Need Some Advice? Request a Callback

Steps to Understanding Infectious Substance Packaging

18 November 2022 | Packaging Guidance

The transportation of hazardous goods is an important matter; from the identification of the substance to the packaging used for a compliant shipment.

The below article explains the process behind the transportation of infectious substances.

For this particular article we refer to IATA regulations as our source, but be sure to check the relevant transport regulations before you attempt to transport your goods, it’ll save you time and quite possibly money.


Classification of Infectious Substances

Infectious substances are classified as Class 6.2 (substances which are known or are reasonably expected to contain pathogens, which can cause disease in humans or animals), biological productsculturespatient specimens and medical or clinical wastes.

Infectious substances must be classified in Division 6.2 and assigned to UN2814, UN2900, UN3291, UN3373 or UN3549 as appropriate.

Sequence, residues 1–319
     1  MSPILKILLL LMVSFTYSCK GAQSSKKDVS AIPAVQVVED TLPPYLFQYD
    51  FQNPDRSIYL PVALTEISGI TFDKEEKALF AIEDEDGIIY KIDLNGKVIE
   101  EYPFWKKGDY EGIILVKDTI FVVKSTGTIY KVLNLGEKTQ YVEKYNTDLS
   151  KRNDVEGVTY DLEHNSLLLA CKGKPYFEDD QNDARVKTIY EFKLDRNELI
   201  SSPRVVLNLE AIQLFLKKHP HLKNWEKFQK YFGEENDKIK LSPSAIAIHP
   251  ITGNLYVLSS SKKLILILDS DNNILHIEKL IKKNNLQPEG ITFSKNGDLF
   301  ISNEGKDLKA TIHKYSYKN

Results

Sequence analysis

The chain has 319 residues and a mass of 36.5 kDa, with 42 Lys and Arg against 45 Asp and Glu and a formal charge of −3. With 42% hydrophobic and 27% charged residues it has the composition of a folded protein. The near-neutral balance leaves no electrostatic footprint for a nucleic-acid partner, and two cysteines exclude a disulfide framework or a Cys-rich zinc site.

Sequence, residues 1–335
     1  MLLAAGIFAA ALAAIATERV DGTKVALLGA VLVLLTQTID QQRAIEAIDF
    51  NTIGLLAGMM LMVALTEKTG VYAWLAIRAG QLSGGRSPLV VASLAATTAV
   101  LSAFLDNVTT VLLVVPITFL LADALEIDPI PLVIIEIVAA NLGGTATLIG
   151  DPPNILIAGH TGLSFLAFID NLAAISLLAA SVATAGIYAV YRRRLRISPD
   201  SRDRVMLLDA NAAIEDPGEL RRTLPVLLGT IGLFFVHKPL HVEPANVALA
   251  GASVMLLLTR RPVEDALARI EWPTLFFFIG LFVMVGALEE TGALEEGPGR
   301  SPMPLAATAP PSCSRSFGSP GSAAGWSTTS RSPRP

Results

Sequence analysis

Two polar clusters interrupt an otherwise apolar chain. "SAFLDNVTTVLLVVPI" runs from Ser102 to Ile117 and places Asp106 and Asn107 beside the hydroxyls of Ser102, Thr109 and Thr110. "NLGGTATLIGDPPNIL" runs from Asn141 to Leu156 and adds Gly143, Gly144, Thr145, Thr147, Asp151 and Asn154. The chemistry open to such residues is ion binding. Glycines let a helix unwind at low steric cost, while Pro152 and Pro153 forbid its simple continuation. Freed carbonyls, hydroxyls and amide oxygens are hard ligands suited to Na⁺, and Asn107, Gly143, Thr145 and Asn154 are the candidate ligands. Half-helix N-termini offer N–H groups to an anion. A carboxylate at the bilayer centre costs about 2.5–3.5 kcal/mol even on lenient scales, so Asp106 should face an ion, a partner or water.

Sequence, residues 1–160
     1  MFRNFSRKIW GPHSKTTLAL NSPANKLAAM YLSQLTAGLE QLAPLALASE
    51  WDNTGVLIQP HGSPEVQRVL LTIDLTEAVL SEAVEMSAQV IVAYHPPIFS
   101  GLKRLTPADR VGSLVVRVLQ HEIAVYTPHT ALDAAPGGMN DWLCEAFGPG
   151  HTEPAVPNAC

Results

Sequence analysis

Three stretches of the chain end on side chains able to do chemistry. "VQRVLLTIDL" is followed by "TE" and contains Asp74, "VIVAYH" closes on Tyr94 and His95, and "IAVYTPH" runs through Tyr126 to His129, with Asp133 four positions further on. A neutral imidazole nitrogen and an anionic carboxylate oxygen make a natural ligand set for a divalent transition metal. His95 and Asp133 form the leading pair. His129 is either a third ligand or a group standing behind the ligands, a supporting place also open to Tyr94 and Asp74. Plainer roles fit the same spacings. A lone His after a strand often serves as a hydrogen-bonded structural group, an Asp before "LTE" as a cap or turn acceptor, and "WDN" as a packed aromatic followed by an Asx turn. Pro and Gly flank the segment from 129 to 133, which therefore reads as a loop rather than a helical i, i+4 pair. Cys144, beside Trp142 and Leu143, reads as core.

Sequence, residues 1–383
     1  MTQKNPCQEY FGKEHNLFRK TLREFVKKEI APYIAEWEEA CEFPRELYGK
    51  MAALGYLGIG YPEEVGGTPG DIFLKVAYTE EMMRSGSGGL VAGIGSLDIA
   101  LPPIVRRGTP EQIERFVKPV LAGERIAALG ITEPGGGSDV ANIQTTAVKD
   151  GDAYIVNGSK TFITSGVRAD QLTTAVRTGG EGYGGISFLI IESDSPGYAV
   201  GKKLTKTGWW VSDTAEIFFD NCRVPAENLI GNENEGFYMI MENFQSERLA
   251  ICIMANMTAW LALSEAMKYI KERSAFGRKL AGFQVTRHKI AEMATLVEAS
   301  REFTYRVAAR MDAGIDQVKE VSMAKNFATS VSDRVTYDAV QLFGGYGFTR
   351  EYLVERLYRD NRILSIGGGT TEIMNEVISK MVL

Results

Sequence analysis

Within the 6.2 classification, infectious substances can be categorised within Category A or Category B. Category A includes substances that are “capable of causing permanent disability, life-threatening or fatal disease in otherwise healthy humans or animals.”. Category B – “An infectious substance which does not meet the criteria for inclusion in Category A”


Examples of Class A infectious substances

Category A includes substances that are “capable of causing permanent disability, life-threatening or fatal disease in otherwise healthy humans or animals”.

Additional Monkeypox guidance issued by PHMSA in consultation with the U.S. Centers for Disease Control and Prevention (CDC),

“Monkeypox virus is an orthopoxvirus that has two distinct lineage clades. The West African clade and the Congo Basin clade. According to guidance issued by PHMSA in consultation with the U.S. Centers for Disease Control and Prevention (CDC), the West African clade of the virus is classified as a Category B infectious substance and thus waste derived from medical treatment that is contaminated with this virus can be safely transported as UN3291, Regulated medical waste, provided it is packaged in accordance with the Hazardous Materials Regulations (HMR; 49 CFR Parts 171-180).